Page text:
Germany considers temporary ban on foreign tourism

Germany considers temporary ban on foreign tourism
A holidaymaker on Mallorca. dpa/ZUMA Wire | John-Patrick
In response to growing anger over airlines offering flights to the Spanish island of Mallorca again, the government announced on Wednesday evening that it was considering a temporary ban on touristic travel abroad.

Deputy government spokesperson, Ulrike Demmer, confirmed on Wednesday that the government was checking the legality of a temporary travel ban.

“An order to check if there is a possibility to temporarily stop travel to popular holiday destinations abroad…is now being checked by the responsible ministries,” Demmer said.

Several state leaders and government officials have expressed anger at the fact that Mallorca was taken off the list of risk areas by the Foreign Ministry, leading airlines to start offering flights to the Spanish island again.

READ ALSO: ‘Not an invitation to go there’: Germany urges against Mallorca holiday following lifting of travel warning

“It is not good that such holiday trips are taking place now in this situation,” Finance Minister Olaf Scholz said on Wednesday. He added that it was “not right” that some people were travelling abroad while holidays in Germany were prohibited.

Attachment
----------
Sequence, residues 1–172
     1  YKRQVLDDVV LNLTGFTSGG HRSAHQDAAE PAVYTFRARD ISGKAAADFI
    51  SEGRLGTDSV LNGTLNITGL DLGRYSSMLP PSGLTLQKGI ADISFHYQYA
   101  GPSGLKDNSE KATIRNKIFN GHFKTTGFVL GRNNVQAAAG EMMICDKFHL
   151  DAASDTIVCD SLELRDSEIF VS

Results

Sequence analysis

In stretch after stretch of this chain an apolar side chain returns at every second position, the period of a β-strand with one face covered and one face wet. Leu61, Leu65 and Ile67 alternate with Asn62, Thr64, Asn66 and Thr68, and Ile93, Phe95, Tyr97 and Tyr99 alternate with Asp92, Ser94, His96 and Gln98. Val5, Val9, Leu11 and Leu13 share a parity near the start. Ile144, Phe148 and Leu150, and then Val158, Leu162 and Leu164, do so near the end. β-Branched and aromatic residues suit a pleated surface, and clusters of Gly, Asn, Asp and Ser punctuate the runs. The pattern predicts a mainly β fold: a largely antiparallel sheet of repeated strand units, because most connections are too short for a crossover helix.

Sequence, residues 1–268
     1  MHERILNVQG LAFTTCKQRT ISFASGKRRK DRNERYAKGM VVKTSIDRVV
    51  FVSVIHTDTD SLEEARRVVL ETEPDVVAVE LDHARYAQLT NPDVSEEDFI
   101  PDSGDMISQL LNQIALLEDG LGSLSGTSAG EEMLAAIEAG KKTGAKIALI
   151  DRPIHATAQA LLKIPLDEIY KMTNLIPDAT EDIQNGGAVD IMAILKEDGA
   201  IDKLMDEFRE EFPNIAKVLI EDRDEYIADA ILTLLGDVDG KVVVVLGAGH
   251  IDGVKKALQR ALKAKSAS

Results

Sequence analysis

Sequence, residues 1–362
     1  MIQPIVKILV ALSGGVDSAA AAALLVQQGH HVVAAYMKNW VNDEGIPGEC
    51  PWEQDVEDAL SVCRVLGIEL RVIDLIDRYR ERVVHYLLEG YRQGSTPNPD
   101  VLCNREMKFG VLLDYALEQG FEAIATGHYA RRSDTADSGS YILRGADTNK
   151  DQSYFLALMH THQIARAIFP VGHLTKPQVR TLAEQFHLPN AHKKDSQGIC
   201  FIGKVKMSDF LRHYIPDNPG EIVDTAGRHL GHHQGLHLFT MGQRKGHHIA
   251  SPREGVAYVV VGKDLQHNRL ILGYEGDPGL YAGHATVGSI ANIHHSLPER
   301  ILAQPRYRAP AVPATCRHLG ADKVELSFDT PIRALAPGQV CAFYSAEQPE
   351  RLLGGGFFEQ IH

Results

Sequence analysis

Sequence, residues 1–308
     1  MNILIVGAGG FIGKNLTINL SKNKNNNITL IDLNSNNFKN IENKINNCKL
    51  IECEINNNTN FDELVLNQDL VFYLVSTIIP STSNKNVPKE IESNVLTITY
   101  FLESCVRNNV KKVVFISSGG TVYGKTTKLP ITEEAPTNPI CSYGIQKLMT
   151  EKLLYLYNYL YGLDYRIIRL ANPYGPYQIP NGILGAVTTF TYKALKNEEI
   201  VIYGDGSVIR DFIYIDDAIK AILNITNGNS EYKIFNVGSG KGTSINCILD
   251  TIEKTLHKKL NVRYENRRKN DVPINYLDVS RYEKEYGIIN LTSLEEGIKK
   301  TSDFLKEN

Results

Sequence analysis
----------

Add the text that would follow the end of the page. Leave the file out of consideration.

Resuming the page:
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Mallorca currently has a 7-day incidence below 50, meaning the Robert Koch Institute no longer classifies it as a high risk region.

A rule established last year by the government means that people are only required to quarantine and take a PCR test if they come to Germany from a region with a 7-day incidence above 50.

But politicians have expressed concern that Germans are able to stay in hotels abroad while it is not possible to holiday in Germany, where hotels and holiday homes are only allowed to offer beds to business guests.

In Monday’s lockdown agreement, the government and state leaders said they “expected” airlines to ensure all holiday makers who fly back to Germany are tested negative for the virus, regardless of where they are flying from.

The airlines have signalled a willingness to implement this request.

SEE ALSO: Travel in Germany: What’s allowed (and not) over Easter holidays?

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